Arts & Living
By Domenico Maceri
In the past several years bilingual education has been virtually eliminated in California, Arizona, and Massachusetts through initiatives sponsored by California software entrepreneur Ron Unz. In Colorado, however, Unz suffered his first defeat as voters retained bilingual education. Was that the beginning of the end for banning bilingual education? It's probably too early for bilingual education proponents to claim that they lost some battles but are eventually going to win the war. Yet a number of recent developments augur well for bilingual education. A recent Gallup poll found that 58 percent of Americans support bilingual education, defined as using the native language of non-English-speaking students for several years until they learn English. The numbers of those supporting bilingual education are very close to those who rejected Unz's initiative in Colorado. A closer analysis of the poll reveals some things which were expected and some which were a surprise. The highest support for bilingual education came from those in the 18-to-29 age group, 75 percent of whom support bilingual education. This was even higher than Latinos' support, a group which can be more directly affected by bilingual education. Seventy-two per cent of Latinos support bilingual education. This is not surprising since Latinos in California, Arizona and Massachusetts, where bilingual education lost, voted overwhelmingly to retain bilingual education. Another surprising figure came from African Americans. Seventy-three percent of them support bilingual education, slightly higher than Latinos. African Americans are not affected significantly by bilingual education yet it may be that, just like in Colorado, they see bilingual education as part of civil rights. Bilingual education received the support of 53 percent of white Americans. This is barely a majority since the survey has a margin of error of plus or minus three points. Political party affiliation also affected the results. Predictably Democrats support it more than Republicans(69 percent vs 46 percent). The weakest margin of support came from those 65 or older. Only 44 percent support bilingual education. This is a marked contrast with the younger generation. It may well be that the younger group is more likely to have had significant contacts with minorities in school and also at the job site. The difference augurs well, not simply for Latinos but also for the relationship with white Americans. Other developments in states where bilingual education has been under attack should make bilingual education supporters smile. In New York City, Mayor Michael R. Bloomberg recently "realized" his mistake in not supporting bilingual education while he was running for office. His administration just committed 20 million dollars to bilingual education. In the new mayor's program, instruction of foreign-born kids would be 60 percent in the students' native language and 40 percent in English, with the amount of English increasing gradually. In Massachusetts, which banned bilingual education in 2002, the State House and Senate overrode Gov. Mitt Romney's veto to exempt "two-way" or "dual-language" education programs from the new law. The override will not simply maintain "two-way" bilingual programs but will allow their expansion. Although research confirms the value of bilingual education as an effective methodology for the instruction of immigrant kids, dual language programs are just as effective if not more so. Typical dual-language schools include half the class of native-English speakers and the other half speakers of Spanish or another foreign language. Half the day's lessons are conducted in one language and the other half in the other. Kids learn from teachers but they also learn from each other. The dual-language programs are popular with immigrant and middle-class American families who see the advantage of bilingualism for their kids. The programs are so popular that waiting lists are very common. It was primarily the likelihood that dual-language programs were going to be eliminated in Colorado which pushed state voters to turn down the initiative to ban bilingual education. Colorado voters preserved bilingual education for immigrant kids but they also kept the door open for all the state kids to become bilingual. The recent Gallup poll may suggest that all Americans are beginning to see the value of bilingualism for all of our kids.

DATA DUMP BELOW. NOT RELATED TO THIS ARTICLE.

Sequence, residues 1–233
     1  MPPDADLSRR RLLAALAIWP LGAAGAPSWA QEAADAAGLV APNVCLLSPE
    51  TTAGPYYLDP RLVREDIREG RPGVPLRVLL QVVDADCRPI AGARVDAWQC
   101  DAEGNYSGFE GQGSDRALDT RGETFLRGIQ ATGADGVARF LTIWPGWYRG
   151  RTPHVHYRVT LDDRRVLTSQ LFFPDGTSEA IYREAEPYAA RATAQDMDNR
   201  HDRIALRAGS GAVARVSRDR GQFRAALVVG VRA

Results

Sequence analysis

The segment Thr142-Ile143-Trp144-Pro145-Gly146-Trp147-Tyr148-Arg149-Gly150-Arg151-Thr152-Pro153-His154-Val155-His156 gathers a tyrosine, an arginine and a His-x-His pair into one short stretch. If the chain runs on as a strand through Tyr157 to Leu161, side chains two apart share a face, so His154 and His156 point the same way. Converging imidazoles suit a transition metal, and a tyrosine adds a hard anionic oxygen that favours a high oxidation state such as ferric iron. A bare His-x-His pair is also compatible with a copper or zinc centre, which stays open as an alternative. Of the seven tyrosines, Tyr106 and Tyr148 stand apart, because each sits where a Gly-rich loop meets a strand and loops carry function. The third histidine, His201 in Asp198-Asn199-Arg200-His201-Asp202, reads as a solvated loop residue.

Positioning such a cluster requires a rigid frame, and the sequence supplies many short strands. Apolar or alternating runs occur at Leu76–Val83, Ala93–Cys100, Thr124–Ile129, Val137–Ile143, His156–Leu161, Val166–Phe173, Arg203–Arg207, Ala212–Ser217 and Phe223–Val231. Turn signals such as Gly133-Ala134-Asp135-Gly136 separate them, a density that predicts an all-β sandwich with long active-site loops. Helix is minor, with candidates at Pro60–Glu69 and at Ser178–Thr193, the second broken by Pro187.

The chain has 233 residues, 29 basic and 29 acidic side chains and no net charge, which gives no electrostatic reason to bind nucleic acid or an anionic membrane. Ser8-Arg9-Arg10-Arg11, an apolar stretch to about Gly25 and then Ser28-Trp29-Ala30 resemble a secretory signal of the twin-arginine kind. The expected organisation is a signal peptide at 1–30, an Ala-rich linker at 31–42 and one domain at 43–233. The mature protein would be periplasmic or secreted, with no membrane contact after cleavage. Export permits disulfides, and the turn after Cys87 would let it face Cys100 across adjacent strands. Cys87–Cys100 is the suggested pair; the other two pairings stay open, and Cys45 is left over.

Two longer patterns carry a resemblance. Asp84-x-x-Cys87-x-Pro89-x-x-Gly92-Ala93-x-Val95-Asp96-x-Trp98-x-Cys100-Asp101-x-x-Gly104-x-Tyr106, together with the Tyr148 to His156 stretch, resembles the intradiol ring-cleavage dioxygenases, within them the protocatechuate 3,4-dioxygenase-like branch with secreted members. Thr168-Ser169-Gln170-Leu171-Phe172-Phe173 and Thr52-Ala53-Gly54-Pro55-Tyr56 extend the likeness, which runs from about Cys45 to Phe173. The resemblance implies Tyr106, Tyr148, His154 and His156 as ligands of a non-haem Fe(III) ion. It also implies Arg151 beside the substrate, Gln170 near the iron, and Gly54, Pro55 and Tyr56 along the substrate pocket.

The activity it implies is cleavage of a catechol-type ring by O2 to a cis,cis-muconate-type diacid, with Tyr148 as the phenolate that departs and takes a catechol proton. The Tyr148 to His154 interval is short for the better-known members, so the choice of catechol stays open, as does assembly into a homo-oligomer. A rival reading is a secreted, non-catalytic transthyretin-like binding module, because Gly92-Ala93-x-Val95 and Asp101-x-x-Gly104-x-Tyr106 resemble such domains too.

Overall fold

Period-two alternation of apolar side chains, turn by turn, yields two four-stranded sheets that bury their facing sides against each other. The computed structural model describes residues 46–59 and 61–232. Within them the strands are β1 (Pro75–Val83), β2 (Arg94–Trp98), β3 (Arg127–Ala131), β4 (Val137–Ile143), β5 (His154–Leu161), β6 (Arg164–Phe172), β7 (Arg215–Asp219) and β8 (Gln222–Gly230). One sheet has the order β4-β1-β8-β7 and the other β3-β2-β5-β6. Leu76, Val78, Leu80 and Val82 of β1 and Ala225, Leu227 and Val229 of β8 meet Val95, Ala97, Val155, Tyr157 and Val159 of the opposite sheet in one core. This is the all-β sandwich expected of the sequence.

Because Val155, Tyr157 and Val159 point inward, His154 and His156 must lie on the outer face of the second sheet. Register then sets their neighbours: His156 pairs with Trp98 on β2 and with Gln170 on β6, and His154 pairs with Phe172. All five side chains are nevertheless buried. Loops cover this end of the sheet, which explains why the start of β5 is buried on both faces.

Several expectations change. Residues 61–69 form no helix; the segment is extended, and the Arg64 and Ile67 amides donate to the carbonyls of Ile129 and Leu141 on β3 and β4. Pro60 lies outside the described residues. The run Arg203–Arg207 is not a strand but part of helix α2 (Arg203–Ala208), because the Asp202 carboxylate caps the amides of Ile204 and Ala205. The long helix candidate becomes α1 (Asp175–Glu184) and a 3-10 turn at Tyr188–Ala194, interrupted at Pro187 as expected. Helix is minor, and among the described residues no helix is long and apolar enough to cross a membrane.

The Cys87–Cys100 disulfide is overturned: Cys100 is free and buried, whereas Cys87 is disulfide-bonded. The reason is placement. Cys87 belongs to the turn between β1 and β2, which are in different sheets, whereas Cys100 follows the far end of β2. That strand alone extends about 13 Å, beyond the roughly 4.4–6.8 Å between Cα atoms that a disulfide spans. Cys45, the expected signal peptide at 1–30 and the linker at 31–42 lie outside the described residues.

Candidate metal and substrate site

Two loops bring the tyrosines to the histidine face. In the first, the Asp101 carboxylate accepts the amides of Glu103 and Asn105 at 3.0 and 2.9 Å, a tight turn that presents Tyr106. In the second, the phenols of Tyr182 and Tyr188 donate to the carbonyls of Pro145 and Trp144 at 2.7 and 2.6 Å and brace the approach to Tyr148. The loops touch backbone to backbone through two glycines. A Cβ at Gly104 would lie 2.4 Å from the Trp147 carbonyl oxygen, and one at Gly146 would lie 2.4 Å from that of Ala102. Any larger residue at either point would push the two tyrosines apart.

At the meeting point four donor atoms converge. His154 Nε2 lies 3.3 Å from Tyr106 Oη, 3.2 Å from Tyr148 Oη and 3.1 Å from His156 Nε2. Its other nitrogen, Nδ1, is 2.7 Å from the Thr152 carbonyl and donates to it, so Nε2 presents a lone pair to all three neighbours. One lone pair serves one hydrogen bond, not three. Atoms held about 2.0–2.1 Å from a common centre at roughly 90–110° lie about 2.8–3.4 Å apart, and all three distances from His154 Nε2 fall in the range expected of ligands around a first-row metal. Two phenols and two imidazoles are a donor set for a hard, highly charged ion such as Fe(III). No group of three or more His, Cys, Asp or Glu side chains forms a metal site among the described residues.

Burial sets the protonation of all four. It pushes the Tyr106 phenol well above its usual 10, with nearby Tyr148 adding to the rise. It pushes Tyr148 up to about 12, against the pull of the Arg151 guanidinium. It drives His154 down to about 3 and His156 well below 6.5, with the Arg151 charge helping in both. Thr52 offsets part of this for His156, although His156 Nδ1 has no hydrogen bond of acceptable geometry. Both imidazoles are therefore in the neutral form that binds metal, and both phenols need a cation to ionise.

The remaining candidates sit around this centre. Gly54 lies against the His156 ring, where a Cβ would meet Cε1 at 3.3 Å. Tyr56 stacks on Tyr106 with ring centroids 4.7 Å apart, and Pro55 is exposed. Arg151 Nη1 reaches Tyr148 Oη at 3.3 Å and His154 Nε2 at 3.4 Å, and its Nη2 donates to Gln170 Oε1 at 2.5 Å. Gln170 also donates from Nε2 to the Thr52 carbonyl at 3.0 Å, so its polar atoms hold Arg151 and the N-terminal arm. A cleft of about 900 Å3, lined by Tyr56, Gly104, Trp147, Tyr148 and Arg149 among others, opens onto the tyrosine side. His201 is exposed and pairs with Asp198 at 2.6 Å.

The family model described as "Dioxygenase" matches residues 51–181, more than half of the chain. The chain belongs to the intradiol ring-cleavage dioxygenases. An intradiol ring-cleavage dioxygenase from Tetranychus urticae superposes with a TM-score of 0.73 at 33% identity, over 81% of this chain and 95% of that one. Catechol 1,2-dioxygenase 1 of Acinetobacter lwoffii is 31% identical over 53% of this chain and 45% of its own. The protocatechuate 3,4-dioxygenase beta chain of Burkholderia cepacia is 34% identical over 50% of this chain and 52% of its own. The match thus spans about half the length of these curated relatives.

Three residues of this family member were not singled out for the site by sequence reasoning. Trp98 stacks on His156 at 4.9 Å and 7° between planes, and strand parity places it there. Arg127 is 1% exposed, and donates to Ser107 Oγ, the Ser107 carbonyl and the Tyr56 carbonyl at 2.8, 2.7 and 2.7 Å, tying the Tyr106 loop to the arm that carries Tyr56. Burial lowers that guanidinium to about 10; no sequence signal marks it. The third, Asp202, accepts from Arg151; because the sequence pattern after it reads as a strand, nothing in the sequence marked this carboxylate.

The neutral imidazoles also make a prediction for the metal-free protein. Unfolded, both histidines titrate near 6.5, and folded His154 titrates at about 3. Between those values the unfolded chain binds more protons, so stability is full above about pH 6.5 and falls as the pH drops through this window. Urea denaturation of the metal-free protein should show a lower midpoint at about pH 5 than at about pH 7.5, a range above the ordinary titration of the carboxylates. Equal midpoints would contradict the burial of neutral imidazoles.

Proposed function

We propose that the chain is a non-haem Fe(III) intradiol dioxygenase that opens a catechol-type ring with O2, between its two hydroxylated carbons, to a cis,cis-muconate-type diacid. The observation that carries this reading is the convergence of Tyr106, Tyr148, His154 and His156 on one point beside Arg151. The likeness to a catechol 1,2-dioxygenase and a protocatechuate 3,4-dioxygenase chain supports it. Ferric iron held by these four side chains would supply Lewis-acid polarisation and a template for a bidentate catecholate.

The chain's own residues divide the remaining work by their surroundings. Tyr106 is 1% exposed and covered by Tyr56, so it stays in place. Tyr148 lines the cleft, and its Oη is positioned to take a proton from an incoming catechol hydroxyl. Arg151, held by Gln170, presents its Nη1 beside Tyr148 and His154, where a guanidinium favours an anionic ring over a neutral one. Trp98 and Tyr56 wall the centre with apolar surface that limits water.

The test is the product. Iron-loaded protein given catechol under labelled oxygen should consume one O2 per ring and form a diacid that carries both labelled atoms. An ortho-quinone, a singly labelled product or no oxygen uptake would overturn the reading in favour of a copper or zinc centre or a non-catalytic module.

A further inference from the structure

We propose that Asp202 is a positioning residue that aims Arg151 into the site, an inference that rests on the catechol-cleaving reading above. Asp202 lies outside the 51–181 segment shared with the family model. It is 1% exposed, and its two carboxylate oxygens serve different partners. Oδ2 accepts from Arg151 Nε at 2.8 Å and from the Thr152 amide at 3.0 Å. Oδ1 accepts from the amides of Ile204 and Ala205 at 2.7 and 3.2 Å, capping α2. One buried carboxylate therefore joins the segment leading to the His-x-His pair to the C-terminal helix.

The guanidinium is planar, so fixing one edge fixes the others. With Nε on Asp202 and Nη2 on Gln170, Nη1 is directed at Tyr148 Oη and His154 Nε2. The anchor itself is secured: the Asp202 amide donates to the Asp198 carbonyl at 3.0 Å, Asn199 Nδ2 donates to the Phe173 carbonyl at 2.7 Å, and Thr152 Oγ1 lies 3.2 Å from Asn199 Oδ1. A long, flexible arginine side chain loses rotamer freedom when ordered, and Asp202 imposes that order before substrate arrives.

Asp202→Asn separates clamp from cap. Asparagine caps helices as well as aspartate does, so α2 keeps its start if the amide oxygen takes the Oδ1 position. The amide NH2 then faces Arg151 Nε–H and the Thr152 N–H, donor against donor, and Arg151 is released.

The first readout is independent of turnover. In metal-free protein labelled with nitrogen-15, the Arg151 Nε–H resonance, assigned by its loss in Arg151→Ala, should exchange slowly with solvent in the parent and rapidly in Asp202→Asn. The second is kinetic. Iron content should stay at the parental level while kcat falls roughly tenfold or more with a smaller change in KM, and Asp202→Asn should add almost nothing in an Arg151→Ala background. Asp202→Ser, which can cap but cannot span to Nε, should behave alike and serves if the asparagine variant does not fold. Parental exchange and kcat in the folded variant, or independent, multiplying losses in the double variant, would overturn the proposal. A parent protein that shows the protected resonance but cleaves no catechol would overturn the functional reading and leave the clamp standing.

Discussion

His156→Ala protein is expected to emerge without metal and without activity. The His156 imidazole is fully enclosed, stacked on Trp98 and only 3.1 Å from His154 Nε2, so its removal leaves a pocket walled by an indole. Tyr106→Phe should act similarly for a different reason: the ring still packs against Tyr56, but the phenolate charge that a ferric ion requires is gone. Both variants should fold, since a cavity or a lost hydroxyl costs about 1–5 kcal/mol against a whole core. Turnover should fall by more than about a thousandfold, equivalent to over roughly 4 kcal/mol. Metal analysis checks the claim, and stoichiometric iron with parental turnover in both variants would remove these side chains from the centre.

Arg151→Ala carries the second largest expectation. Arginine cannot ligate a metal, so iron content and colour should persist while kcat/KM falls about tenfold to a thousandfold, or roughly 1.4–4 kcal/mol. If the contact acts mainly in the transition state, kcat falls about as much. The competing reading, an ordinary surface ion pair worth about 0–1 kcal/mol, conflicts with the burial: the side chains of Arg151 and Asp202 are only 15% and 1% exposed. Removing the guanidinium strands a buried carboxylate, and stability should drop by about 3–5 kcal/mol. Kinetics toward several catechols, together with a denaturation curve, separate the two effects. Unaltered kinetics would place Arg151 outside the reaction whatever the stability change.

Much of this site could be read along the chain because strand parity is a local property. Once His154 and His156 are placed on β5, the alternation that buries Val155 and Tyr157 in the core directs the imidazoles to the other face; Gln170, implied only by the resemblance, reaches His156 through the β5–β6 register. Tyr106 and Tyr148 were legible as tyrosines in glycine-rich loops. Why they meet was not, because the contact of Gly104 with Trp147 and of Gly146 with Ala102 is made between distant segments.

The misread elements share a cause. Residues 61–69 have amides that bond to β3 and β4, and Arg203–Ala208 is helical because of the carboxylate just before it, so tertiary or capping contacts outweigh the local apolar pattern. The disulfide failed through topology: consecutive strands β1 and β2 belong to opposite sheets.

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Domenico Maceri, Ph.D., UC Santa Barbara, teaches foreign languages at Allan Hancock College in Santa Maria, CA. His articles have appeared in many newspapers including Los Angeles Times, Washington Times, Japan Times, and The Seoul Times. Some of his stories won awards from the National Association of Hispanic Publications.
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